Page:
If you decide to have the surgery, you’ll still likely undergo several weeks of physiotherapy to reduce pain and swelling, restore your knee’s full range of motion, and strengthen your muscles. That’s because people who go into surgery and do not ranging their motions early may develop stiffness.

11 Exercises for ACL Surgery

As we mentioned earlier, the goal of exercising the knee before the surgery is to minimise the pain and swelling post-surgery. Not only that, but the exercises are also necessary to gain a full extension of the knee as quickly as possible post-surgery. For this reason, regular stretching is important. Here are some of the exercises that are beneficial for ACL rehab:

  • Long sitting calf stretch involves wrapping a towel around your forefoot with your injured leg as straight as possible. Pull the towel towards you so that you can feel a stretch through the back of your lower leg.


  • Popliteal stretch requires you to stand in front of a chair and stretching your injured leg on it. Keep your other leg straight, place your heel on the chair and pull your toes back towards you. Reach the outside of your foot with the same sided hand as the leg you’re stretching and pull your foot to the outside. Place your other hand on the knee of the leg you’re stretching and push downwards.


  • Standing calf stretch involves three positions – push against the wall, foot against a wall, and off the step. Try to have the knee as straight as possible when resting up.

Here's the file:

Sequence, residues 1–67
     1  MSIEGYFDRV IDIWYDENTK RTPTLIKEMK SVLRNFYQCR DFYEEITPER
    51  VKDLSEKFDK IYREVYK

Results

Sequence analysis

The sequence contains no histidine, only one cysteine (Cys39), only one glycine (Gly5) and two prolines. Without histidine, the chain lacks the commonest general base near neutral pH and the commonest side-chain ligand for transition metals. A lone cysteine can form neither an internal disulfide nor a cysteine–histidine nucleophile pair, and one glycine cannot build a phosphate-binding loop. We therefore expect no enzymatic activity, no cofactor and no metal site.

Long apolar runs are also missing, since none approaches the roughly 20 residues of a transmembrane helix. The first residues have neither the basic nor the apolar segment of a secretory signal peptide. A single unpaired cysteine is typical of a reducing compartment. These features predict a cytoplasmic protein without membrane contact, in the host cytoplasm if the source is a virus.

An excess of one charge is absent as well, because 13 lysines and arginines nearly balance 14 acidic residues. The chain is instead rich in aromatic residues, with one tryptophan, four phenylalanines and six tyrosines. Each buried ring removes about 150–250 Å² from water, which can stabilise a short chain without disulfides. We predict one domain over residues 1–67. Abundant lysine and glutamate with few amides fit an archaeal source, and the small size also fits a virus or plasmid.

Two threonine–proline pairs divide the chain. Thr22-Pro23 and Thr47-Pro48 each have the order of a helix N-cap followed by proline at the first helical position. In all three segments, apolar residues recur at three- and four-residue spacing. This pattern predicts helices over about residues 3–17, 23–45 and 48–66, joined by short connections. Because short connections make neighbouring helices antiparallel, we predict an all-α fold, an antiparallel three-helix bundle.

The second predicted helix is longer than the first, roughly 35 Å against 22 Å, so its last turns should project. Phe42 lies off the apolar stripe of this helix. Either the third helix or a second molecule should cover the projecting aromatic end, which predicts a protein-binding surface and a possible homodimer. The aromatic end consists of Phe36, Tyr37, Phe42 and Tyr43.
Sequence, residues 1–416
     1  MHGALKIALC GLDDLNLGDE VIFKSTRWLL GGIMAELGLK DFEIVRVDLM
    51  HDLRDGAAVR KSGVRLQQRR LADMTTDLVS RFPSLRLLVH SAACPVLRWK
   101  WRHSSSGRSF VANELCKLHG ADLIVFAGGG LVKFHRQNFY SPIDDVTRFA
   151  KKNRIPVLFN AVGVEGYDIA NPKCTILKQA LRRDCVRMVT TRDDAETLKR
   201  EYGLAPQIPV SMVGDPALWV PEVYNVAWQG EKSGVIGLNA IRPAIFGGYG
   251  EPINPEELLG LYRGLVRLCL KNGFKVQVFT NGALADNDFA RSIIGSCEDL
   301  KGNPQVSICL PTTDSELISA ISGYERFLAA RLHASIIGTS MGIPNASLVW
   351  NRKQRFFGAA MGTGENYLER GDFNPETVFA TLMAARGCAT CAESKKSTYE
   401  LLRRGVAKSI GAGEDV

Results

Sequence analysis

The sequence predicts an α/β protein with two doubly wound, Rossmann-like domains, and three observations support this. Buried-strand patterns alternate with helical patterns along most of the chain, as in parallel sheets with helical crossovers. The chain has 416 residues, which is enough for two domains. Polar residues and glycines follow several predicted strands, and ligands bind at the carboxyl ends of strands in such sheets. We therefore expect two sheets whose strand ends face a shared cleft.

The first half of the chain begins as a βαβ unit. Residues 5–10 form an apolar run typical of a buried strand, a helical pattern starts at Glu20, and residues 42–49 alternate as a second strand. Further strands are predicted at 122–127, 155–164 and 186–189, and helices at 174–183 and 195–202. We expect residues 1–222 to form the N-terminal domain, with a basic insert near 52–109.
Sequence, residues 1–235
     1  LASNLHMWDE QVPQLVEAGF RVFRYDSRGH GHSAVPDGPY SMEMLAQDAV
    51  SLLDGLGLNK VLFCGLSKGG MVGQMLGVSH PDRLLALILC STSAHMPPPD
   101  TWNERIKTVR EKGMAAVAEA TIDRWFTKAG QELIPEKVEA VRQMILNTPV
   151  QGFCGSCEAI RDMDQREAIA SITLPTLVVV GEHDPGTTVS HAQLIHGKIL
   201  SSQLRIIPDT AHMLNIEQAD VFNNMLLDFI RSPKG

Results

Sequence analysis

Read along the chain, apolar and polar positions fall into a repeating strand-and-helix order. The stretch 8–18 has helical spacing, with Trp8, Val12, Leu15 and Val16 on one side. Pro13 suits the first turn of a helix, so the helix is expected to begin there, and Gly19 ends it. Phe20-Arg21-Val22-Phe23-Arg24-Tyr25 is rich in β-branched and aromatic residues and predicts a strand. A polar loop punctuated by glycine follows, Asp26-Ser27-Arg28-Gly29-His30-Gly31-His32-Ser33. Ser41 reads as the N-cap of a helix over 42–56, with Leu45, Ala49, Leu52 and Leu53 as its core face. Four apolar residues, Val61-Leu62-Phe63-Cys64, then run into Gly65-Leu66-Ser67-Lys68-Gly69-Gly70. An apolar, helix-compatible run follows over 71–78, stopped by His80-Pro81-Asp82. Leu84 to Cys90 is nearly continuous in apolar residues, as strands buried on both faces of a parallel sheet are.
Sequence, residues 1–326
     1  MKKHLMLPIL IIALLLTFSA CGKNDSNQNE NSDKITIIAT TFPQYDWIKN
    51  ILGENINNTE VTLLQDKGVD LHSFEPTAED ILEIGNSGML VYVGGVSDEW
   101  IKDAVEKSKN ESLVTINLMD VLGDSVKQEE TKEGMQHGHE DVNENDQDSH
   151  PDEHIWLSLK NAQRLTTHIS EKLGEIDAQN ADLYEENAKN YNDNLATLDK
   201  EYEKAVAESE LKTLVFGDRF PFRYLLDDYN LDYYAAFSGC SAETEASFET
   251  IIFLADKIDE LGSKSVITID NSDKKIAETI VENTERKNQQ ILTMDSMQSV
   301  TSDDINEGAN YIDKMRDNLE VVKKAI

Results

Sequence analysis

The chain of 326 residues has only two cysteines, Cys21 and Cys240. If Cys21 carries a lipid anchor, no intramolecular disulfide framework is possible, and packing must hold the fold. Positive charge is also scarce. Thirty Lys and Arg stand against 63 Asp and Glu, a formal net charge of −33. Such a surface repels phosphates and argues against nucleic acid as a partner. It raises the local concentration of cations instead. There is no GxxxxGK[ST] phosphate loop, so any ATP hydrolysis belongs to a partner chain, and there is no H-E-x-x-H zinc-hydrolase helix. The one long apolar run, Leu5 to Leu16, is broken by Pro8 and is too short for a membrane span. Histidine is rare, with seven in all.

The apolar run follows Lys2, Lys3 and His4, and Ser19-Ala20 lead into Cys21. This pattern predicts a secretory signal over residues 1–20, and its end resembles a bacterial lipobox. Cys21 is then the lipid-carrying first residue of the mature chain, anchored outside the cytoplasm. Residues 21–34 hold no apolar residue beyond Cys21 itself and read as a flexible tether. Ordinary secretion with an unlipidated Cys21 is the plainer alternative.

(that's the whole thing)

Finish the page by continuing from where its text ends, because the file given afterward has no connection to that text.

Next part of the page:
• Heel slides involve extending the knee without bearing any weight. Start by sitting on the floor with your legs stretched out. Slowly bend the injured knee while sliding your heel towards you and slide the foot back into the starting position.


  • Isometric quad contractions are also performed seated with your injured leg extended and your other leg bent. Slowly contract the quadriceps of your injured knee without moving the leg and hold for 10 seconds. Relax and repeat this exercise 10 times.


  • Prone knee flexion involves lying on your stomach with your legs straight. Bend your injured knee and bring your heel toward your buttocks. Hold this position for 5 seconds and then relax your knee. Repeat this exercise 10 times.